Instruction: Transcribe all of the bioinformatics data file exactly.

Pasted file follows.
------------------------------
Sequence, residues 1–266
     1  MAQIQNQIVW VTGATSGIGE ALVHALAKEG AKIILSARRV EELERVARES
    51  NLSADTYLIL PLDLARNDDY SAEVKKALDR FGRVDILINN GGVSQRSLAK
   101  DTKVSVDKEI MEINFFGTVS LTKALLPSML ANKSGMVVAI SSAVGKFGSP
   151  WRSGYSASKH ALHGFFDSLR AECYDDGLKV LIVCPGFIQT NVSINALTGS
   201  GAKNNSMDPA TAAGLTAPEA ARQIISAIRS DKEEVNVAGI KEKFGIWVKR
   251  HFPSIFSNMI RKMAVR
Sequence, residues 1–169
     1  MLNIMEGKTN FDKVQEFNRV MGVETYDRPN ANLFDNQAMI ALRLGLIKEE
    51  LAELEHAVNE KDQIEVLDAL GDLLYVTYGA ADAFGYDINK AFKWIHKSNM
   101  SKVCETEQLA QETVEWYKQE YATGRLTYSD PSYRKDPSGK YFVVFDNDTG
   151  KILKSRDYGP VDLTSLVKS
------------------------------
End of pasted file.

Sequence, residues 1–266
     1  MAQIQNQIVW VTGATSGIGE ALVHALAKEG AKIILSARRV EELERVARES
    51  NLSADTYLIL PLDLARNDDY SAEVKKALDR FGRVDILINN GGVSQRSLAK
   101  DTKVSVDKEI MEINFFGTVS LTKALLPSML ANKSGMVVAI SSAVGKFGSP
   151  WRSGYSASKH ALHGFFDSLR AECYDDGLKV LIVCPGFIQT NVSINALTGS
   201  GAKNNSMDPA TAAGLTAPEA ARQIISAIRS DKEEVNVAGI KEKFGIWVKR
   251  HFPSIFSNMI RKMAVR
Sequence, residues 1–169
     1  MLNIMEGKTN FDKVQEFNRV MGVETYDRPN ANLFDNQAMI ALRLGLIKEE
    51  LAELEHAVNE KDQIEVLDAL GDLLYVTYGA ADAFGYDINK AFKWIHKSNM
   101  SKVCETEQLA QETVEWYKQE YATGRLTYSD PSYRKDPSGK YFVVFDNDTG
   151  KILKSRDYGP VDLTSLVKS